Thursday, June 29, 2006
The Tunguska Explosion, June 30, 1908
Today in 1908, an enormous explosion occurred near the Tunguska River in Siberia. Nearly a century has gone by without any conclusive proof being brought forward showing what caused the explosion, but most researchers agree that the blast had the equivalent energy of between 10 and 15 megatons of TNT.
Central Siberia was a remote, hard-to-reach wilderness in 1908, but even so, there were witnesses to the event. Near Lake Baikal, villagers saw a bluish light move across the sky at 7:15AM; they described it as being brighter than the sun. 10 minutes later, there was a bright flash and a sharp noise that sounded like artillery fire. When the shock wave arrived, it knocked people off their feet and broke windows. It was so strong that people felt it’s force hundreds of miles away. In England, barographs, used to measure atmospheric pressure, showed fluctuations from the explosion. That night, and for weeks thereafter, night skies in the northern hemisphere contained a strange glow so bright it allowed people to read outside.
The remoteness of the Tunguska area and the chaos present in Europe before and after World War One and during the Russian revolution meant that a scientific expedition did not study the explosion site until 1921. What they found was astonishing. At what should have been the impact point for whatever fell out of the sky, a stand of trees stood with their branches and bark stripped. Outward from there, for a distance of nearly 40 miles, every tree was laid flat. Aerial photos made of the area in 1938 showed that the trees were knocked down in a sort of butterfly-shaped pattern. Still, there was no crater to be seen. Whatever came to earth that day seemed to have exploded in mid-air.
Further expeditions to the site found tiny glass spheres embedded in the soil. The spheres were found to contain iridium and nickel in close proportion to the concentrations found in some meteorites. These findings led scientists to conclude that the most likely cause of the explosion was a meteorite which exploded several miles above the Earth’s surface. This would explain the lack of a crater and the upright trees found at ground zero. Model testing concluded that the butterfly-shaped damage pattern could have been caused by an object approaching the Earth at a 30 degree angle.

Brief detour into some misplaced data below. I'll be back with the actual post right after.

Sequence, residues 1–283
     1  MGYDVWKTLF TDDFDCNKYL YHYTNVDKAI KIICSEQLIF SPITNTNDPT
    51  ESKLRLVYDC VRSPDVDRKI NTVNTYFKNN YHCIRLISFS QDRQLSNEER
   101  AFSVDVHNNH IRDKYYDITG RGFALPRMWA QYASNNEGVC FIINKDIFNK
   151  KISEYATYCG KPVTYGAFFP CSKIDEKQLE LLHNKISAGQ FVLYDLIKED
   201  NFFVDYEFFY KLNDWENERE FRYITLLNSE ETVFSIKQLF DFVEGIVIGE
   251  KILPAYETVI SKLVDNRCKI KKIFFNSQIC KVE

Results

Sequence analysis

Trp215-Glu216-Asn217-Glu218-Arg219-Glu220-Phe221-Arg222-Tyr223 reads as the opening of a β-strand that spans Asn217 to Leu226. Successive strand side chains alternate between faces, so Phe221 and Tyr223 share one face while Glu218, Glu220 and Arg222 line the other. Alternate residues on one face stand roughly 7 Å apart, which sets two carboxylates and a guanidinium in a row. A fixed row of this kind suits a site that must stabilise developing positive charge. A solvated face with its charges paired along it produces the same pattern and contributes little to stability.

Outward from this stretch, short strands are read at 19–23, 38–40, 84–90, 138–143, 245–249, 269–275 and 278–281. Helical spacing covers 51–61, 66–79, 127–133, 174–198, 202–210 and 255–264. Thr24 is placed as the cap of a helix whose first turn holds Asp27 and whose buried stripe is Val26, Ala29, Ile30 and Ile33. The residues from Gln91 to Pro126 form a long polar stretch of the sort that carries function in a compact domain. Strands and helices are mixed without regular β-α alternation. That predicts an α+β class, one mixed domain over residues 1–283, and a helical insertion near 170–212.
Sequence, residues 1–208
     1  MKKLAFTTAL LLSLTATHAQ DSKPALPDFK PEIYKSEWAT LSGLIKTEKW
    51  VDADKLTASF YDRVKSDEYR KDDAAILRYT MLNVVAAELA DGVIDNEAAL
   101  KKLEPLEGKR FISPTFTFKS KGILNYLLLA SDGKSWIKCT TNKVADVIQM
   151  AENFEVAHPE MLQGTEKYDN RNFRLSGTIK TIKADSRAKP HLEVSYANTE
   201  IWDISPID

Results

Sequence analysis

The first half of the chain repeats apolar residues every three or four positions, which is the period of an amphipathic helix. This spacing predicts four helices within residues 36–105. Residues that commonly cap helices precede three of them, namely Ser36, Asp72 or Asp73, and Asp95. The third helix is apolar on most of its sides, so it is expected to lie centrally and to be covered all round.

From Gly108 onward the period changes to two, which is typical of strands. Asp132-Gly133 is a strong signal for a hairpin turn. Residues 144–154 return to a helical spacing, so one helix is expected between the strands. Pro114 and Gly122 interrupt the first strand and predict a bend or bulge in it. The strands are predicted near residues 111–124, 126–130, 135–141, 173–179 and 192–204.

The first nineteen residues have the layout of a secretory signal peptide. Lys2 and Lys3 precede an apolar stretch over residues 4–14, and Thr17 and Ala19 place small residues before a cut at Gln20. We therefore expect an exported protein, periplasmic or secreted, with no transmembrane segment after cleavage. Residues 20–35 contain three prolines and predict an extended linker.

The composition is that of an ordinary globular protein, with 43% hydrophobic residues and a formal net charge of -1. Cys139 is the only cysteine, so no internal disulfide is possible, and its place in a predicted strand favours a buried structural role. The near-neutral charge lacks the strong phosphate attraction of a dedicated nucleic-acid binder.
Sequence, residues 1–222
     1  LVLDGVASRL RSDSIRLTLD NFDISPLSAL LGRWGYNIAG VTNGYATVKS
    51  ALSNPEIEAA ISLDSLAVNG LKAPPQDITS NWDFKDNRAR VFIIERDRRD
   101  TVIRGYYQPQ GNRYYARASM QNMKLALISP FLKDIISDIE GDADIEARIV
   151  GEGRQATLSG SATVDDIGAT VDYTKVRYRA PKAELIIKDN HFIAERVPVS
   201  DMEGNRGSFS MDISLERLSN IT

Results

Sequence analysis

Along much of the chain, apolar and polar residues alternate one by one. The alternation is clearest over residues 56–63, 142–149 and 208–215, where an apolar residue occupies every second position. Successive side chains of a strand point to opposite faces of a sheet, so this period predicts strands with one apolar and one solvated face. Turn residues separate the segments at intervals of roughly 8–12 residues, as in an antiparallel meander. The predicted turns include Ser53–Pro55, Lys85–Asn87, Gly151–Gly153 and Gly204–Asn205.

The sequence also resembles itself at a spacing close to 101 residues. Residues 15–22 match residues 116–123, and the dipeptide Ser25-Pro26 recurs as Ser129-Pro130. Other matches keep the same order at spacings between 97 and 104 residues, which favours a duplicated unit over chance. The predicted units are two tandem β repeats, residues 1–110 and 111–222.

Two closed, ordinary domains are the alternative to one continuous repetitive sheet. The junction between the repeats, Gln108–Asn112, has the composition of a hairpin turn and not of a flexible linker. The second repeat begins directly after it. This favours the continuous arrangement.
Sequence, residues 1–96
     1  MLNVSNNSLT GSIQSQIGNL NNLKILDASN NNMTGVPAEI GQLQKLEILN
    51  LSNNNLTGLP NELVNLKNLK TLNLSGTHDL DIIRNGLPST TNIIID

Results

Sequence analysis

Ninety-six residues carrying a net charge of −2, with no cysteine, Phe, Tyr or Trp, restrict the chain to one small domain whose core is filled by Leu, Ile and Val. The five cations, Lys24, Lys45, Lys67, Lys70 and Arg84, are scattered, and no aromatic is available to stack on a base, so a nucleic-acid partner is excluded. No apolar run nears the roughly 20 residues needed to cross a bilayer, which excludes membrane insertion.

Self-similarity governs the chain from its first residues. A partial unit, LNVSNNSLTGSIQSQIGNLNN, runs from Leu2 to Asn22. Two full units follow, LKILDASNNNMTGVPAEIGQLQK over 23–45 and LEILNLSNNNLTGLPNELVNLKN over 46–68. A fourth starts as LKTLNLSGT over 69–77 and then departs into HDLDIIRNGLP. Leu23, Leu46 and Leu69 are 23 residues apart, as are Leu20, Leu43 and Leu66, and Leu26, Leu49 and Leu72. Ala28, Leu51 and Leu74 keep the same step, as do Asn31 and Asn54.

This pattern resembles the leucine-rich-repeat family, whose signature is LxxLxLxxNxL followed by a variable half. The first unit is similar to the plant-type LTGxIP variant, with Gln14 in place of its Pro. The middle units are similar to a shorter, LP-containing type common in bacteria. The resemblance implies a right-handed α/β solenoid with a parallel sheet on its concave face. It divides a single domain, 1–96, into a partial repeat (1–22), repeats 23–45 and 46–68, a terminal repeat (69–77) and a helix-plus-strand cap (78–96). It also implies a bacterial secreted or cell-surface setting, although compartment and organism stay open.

Of course, not all researchers agree on what happened at Tunguska. One competing theory states that the object was a comet. Comets are composed mainly of dust and ice, so one exploding high in the atmosphere would leave no trace and would help explain the bright night sky observed after the explosion. Geologists have discovered that the region in question was once very volcanic. Therefore, a theory has been put forward stating that nothing fell from the sky, but rather a large pocket of methane from the Earth exploded. This type of explosion has happened on a smaller scale at other locations around the globe, so it is not completely implausible.
From there, the hypotheses grow more and more incredible. Two researchers put forth a theory in 1973 that a small black hole passed through the Earth and caused the damage. If true, then there would have to be an “exit wound” on the other side of the Earth; none has been found. Three scientists hypothesized in 1965 that the explosion was caused by a chunk of anti-matter. What the scientists failed to explain was how the anti-matter got so close to the Earth without being annihilated by regular matter higher in the atmosphere. Ufologists have long theorized that a UFO could have caused the incident by losing control of it’s propulsion system and exploding mid-air. Let’s hope they did some re-design work after that.
Although any number of things may have happened at Tunguska in 1908, the meteorite theory makes the most sense. If a giant rock from space did, indeed, cause the explosion, then the site serves as a reminder to us that our tiny blue sphere is fragile and unprotected and that, eventually, something like this will happen again.